About the Geek as a Step Dad

The Geek helped raise his son from age 3 to age 9, when his mom and the Geek split ways. He continues to stay in the sons life (he’s 13 this year) and talk and visit with him as often as possible. Even though not biologically his, he gets called Dad and he calls him Son. Son has Aspergers and the Geek has consequently done a lot of reading on raising children with special needs.

The Geek was also married to a woman who had 3 children, from teen to pre teen, 2 boys and a girl. The Geek struggled with the oldest boy and that relationship remained strained. The Geek did bond very closely with the other two children, however, and learned the importance of patience and family time.

While that relationship ended and things became strained he learned a lot about what it takes to be a step-dad.

His goal is to share his experience and learned lessons with others who may be struggling so they can have a better relationship with their children AND their wives and be happier overall.

The Geek is also a huge geek and is proud when his son quotes Weird Al or Star Wars word for word.

8 thoughts on “About the Geek as a Step Dad

      1. sueannporter1

        yes. I had him in Christian school, grades 4 – 11..but worked with the local school district, quacks, and other empty suits.
        As it all turns out, I am glad he was in Christian school instead of “special ed” as he had scriptures drummed into him that are there FOREVER. And he doesn’t play the “victim” (well sometimes) which I don’t want him to do. At this point, he has a part time job, drives, and will have assistance at college for school work etc.
        That was one of my “whys” to God. Why didn’t he get diagnosed sooner. But the answer was he needed to be in Christian school (smaller classes anyway) — so I will go forward. It worked out ok, but yes, it was a frustrating decade!

        Reply
        1. Good Geek Ranting Post author

          I understand, my son had so many different diagnosis throughout the years and was put on so many different meds. It made it very hard to keep him stable. I understand totally. I’m sure he’s gonna be great, sounds like he’s got a good support system at home. Keep it up!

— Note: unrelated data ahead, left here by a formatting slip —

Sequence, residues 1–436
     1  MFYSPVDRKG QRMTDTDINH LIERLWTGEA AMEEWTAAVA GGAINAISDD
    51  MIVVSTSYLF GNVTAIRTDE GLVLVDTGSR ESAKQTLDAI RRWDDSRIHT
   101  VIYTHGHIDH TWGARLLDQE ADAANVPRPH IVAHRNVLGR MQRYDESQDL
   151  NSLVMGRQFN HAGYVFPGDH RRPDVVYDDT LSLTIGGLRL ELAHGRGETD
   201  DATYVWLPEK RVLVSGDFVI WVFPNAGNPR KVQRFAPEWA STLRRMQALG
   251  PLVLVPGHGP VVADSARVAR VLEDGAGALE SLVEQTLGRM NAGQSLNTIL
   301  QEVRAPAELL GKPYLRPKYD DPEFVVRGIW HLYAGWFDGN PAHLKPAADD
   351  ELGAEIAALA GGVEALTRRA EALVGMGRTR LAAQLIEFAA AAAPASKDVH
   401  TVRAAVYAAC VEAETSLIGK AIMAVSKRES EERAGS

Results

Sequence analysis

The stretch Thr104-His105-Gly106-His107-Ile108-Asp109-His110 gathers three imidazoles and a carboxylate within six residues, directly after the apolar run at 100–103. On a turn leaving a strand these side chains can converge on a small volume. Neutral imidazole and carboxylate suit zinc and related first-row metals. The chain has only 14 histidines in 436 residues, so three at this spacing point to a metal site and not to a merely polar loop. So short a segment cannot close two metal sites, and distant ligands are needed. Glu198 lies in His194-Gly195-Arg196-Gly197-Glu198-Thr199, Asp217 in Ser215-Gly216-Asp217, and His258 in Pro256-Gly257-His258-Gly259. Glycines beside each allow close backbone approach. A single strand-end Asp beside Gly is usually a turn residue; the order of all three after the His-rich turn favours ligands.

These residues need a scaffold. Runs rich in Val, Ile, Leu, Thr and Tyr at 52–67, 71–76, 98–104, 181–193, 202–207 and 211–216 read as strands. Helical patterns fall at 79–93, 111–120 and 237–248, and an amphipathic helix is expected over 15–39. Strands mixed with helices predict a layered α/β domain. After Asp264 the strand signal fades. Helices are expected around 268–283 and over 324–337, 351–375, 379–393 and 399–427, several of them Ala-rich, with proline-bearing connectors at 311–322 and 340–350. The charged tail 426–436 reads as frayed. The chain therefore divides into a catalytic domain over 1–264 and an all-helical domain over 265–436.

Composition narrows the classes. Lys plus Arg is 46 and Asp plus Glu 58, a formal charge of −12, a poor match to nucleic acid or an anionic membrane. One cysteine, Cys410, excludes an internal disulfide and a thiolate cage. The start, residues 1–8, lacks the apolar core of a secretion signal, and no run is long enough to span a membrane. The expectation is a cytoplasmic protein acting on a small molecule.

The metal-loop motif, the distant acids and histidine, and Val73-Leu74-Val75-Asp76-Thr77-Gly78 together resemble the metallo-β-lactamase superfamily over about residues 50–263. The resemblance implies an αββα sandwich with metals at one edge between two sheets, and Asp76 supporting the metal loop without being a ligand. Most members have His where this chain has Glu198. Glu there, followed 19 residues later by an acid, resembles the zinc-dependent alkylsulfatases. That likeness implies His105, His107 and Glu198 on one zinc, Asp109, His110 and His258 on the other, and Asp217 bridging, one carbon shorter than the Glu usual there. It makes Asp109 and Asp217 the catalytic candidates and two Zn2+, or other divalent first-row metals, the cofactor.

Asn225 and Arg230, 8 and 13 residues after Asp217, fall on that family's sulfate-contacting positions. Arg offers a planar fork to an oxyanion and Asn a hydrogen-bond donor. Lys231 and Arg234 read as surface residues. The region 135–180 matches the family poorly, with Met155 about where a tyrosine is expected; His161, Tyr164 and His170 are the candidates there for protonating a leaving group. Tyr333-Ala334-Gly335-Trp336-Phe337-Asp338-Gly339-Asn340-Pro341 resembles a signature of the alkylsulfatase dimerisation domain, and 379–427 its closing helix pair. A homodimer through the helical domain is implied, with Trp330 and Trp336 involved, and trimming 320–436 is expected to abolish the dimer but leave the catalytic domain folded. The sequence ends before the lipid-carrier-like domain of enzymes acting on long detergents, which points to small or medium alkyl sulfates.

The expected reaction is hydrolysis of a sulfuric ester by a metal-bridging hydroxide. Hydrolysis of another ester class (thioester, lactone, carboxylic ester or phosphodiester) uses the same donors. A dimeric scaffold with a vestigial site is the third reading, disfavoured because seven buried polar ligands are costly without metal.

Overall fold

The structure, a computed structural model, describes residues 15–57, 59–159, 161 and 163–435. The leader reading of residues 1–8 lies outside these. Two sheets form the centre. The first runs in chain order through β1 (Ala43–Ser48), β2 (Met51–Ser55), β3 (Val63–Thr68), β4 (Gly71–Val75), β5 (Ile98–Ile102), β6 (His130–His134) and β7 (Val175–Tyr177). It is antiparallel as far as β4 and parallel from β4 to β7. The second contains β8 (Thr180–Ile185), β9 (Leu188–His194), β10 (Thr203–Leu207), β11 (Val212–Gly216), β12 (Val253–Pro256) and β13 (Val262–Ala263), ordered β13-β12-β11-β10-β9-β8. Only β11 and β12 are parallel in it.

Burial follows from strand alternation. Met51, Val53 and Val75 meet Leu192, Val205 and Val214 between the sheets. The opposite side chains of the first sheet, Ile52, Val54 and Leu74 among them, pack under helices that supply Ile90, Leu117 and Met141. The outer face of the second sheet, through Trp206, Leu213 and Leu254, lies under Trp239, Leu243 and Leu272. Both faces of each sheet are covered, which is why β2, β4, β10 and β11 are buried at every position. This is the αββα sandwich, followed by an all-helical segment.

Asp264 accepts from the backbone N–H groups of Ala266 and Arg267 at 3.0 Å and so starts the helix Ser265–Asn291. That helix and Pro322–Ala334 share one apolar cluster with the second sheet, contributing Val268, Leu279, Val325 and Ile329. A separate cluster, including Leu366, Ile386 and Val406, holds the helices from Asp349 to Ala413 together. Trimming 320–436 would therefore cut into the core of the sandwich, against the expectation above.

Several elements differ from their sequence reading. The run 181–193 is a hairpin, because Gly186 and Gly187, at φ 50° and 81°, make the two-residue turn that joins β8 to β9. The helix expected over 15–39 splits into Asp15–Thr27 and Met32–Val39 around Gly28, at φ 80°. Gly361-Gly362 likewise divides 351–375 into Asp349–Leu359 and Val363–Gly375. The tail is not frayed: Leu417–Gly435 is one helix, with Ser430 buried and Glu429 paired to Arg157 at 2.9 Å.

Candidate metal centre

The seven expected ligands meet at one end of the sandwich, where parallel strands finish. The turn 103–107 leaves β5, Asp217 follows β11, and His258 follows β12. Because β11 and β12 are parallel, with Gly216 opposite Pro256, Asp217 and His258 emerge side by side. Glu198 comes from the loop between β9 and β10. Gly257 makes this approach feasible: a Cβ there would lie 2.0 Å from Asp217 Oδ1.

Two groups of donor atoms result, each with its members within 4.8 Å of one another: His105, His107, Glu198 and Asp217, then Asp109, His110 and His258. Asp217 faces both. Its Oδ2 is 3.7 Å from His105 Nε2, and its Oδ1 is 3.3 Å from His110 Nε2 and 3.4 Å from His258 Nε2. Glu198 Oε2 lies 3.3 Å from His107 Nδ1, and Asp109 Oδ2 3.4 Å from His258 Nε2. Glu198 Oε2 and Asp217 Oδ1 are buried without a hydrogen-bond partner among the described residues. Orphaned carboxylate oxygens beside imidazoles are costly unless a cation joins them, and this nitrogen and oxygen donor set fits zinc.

Reply
  1. Grass Oil by Molly Field

    you’ve given me yet one more reason to admire you.

    my nephew has autism. i have said since before his diagnosis was confirmed that it doesn’t define him; it helps refine him. there are moments that i know are difficult for his family and i sense my own challenges with him *sometimes* but all in all, this is a child who sees things the way he is able — no different than the rest of us — and I would be ABSOLUTELY lying if i ever said i wasn’t envious of his ability to just tell it like it is. he is almost 10. when he is done, he says, “this is not for me, i’m going to read a book.” when something happens that he thinks is incorrect or off, he says, “that was dumb.” and when people say things that don’t make sense or that he knows are untrue he says, “that’s not true.” what will he do in life? what will be become? i don’t know. who knows what any of our children will become. but i know he is loved because i love him, and i know he is truthful because he doesn’t have the interest in lying. cunning? no. clever? yes.

    my son, almost 9 (aka “Thing 3 / T3”), knows “Napoleon Dynamite” by heart; he also knows some of the greatest lines from “Star Wars.” i’ve always thought he is slightly on the spectrum but those whose children are on the spectrum tell me no. he gets along beautifully with my nephew – he “gets” him. T3 might not be on the spectrum, but he’s in his own little world, a place of glorious Geekdom, and i am jealous.

    Geeks are Good. -m

    Reply
  2. magnuswendler

    Good to come across your blog and read this about parenting. I have some experience with Asperger syndrome, though not as a parent. I have no children at this point. I’ve read some about Asperger syndrome, not so much about parenting and special needs but it sounds like you put a lot of effort into what you do which is pretty awesome!

    Reply
  3. Notes From The Backseat

    It’s a good thing you do for your son. I have Aspergers and my daughter has autism. I can tell you the importance of having a dad who loves you. My step-dad was a Hutt. And that’s being nice. Being a step-parent takes a lot of work, but it sounds like you’re doing a good job with your son.

    I think every parent should be proud when their kid quotes Star Wars.

    Reply

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